The first house took a long time to do. I’d started clearing up when my father was living there but then the clearing continued for a different reason, so it was hard to get rid of things at once. There are right times to say goodbye to things. Recently acquired objects were easy to throw away or take to the charity shop, but I needed a respectable pause before tackling the things that had been in the house for 30 years. (I don’t think this is a hoarding characteristic; I think it’s completely normal when dealing with the belongings of a family member who has died). However, almost a year on, I’d become pretty ruthless. For me. So I hired a big skip. (Yes, it is the width of the house).
I also took my camera with me as, over the past year, I’ve found that one way of making mucking out a house easier is to take photographs of items that you would have liked to hold on to (for a little while, at least) had gunge, droppings, time and space not dictated otherwise. I now have several hundred digital photographs of things. But they take up no physical room.
And so the clearing began.
Well, once we’d hacked down a Sleeping Beauty’s forest of nettles in order to get to the door and then sledgehammered and jemmied and angle-ground the boarded-up and astoundingly strong remnants of the burglarised door in order to get in, the clearing began.
The job required gloves, masks and a gung-ho attitude.
What was in the heaps?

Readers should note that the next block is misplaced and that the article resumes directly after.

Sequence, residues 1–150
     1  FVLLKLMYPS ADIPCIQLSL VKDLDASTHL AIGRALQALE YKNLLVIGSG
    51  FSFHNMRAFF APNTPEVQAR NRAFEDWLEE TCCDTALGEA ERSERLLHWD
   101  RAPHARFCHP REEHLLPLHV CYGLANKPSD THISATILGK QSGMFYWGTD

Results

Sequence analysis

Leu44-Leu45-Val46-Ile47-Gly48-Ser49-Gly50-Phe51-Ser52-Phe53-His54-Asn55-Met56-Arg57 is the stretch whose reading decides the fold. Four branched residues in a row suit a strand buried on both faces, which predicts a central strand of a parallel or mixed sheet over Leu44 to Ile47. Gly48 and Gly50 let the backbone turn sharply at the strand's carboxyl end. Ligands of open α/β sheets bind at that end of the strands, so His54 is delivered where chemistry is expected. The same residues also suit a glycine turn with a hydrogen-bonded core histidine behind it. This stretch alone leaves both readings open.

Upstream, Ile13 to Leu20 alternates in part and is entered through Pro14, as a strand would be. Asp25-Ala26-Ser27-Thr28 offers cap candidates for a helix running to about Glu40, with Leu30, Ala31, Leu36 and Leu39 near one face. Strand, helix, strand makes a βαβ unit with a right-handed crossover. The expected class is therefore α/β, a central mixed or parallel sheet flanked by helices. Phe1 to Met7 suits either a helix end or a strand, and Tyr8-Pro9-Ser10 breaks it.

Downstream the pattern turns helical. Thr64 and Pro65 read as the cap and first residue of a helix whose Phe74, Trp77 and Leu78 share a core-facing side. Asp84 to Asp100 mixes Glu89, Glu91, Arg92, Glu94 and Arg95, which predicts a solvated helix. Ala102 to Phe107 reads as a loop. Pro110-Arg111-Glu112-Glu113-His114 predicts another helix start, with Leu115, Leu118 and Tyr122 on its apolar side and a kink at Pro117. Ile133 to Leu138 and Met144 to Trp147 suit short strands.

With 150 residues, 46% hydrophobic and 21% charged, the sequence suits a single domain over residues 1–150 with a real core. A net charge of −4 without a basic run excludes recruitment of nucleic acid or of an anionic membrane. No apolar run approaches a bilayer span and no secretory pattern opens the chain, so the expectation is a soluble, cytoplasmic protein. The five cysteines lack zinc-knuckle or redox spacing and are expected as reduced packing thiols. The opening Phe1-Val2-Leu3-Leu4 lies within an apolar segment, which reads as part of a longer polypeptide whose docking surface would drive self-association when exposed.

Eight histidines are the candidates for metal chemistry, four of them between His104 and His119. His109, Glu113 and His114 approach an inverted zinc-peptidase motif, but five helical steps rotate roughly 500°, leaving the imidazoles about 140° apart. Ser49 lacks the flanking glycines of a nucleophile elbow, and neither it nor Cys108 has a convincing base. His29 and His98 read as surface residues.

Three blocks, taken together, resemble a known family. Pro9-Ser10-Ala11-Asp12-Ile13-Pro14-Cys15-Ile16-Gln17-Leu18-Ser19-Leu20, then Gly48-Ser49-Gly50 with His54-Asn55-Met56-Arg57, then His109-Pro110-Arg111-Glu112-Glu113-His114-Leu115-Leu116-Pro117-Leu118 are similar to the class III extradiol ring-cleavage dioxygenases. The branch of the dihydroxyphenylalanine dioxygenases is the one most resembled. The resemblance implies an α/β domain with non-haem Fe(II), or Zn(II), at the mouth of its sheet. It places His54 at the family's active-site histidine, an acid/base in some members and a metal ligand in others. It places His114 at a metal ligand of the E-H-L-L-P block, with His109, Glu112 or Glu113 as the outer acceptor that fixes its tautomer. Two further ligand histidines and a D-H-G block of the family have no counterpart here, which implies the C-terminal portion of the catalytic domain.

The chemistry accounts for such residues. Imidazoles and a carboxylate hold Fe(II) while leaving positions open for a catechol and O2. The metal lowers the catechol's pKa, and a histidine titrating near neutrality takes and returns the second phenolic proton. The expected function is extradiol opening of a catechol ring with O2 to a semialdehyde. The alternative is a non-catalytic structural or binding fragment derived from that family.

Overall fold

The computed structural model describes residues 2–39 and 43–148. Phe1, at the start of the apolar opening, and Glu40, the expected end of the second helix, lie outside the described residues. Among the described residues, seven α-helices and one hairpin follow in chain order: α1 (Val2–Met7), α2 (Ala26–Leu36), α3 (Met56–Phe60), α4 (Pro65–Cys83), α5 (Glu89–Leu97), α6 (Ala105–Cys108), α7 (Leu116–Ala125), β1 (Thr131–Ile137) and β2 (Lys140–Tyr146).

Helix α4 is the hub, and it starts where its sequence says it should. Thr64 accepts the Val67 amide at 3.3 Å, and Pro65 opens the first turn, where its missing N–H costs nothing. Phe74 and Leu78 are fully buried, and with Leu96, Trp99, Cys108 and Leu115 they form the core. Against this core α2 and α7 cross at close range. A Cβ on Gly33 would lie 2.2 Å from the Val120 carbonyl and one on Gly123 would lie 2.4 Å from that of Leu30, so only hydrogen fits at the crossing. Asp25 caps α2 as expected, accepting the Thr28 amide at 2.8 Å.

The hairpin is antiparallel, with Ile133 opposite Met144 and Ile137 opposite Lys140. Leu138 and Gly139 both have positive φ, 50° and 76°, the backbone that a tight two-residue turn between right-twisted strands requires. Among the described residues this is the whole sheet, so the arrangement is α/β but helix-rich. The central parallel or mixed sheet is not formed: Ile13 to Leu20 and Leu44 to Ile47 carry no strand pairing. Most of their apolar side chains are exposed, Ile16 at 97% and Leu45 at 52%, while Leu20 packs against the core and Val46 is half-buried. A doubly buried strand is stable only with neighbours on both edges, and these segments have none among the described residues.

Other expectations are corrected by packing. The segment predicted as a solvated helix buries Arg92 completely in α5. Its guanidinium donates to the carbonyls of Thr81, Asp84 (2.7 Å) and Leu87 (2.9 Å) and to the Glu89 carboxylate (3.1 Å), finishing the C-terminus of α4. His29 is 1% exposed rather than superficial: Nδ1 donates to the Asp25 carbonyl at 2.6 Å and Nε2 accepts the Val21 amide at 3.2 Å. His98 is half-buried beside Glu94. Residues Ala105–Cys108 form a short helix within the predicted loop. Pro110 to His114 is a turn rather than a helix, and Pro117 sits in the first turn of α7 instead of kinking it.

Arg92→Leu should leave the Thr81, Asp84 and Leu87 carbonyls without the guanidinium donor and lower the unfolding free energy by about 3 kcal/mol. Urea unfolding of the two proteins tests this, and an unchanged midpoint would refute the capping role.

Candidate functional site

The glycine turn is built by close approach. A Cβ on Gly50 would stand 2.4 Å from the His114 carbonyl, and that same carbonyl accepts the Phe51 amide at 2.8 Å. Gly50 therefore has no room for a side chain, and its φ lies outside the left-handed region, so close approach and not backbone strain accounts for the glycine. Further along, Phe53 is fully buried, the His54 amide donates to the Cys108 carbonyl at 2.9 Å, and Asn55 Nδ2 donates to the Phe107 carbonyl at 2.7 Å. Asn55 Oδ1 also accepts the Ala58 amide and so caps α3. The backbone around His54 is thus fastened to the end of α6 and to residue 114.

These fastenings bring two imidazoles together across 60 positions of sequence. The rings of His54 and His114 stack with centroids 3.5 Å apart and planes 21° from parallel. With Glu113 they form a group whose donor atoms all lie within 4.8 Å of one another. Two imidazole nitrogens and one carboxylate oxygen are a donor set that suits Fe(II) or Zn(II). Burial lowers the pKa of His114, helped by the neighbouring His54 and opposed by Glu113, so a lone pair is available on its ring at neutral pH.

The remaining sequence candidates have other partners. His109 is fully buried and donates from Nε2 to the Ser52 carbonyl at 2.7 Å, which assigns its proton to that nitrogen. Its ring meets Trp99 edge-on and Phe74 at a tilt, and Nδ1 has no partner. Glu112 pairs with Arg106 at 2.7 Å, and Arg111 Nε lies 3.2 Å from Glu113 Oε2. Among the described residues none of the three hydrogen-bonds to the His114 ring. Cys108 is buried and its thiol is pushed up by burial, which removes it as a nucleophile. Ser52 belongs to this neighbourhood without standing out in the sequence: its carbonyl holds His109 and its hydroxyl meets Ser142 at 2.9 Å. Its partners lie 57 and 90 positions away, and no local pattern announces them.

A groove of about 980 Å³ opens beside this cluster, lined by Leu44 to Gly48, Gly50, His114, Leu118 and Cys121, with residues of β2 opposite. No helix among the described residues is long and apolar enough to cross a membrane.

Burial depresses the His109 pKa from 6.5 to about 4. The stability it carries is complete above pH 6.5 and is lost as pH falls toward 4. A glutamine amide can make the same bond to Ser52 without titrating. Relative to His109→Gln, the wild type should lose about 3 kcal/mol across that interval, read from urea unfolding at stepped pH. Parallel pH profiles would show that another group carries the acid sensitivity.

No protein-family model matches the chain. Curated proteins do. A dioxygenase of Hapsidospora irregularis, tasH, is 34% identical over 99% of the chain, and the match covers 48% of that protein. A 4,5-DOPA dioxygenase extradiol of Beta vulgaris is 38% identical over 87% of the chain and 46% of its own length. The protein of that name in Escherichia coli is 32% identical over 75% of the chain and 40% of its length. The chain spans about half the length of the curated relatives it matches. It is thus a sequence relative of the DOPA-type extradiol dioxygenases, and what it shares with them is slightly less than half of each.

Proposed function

Off the top of my head: endless newspapers and magazines, books on every subject under the sun, stacks of videos, shelves of videos, telescopes, microscopes, chemical balances, the cassette recorder from my childhood, the car blanket, the tent, drawings by a five-year-old me, mirrors, more mirrors, more and more and more mirrors, 1950s radio sets, wind-up gramophones, portable gramophones, weighing scales, paraffin lamps, hi-fis, typewriters, broken printers, ancient computer monitors, sewing machines, a broadsword, an epee, two pianos, one harmonium, one electronic keyboard, a piano accordion, a broken guitar, hundreds of framed pictures from charity shops, the odd airgun and shotgun or so, Fordson Major tractor manuals, the traditional car engine in the kitchen, shotgun cartridges in boxes, Ferguson tractor manuals, shotgun cartridges loose in unexpected places, air rifle pellets, Dyson vacuum cleaners, a Nazi armband, a gas mask, new telephones, vintage telephones, Pocahontas-shaped bottles of bubble bath, a whip, a remoska, boxes of pans, sheet music, cameras, miniature steam engines, warming pans, theodolytes, light bulbs, copies of the Magna Carta, a Millennium dome keyring, Christmas cards, framed photographs, model aircraft engines, model aircraft, model aircraft plans, model aircraft magazines, wine-making flagons, chunks of lead, a small bottle of mercury, thousands of semiconductors and diodes, drills, socket sets, drill bit sets, electric screwdrivers, electronic callipers, slide rules, thousands of old photographs, barometers, a three-in-one pocket voltameter, miniature brass cannons, yo-yos…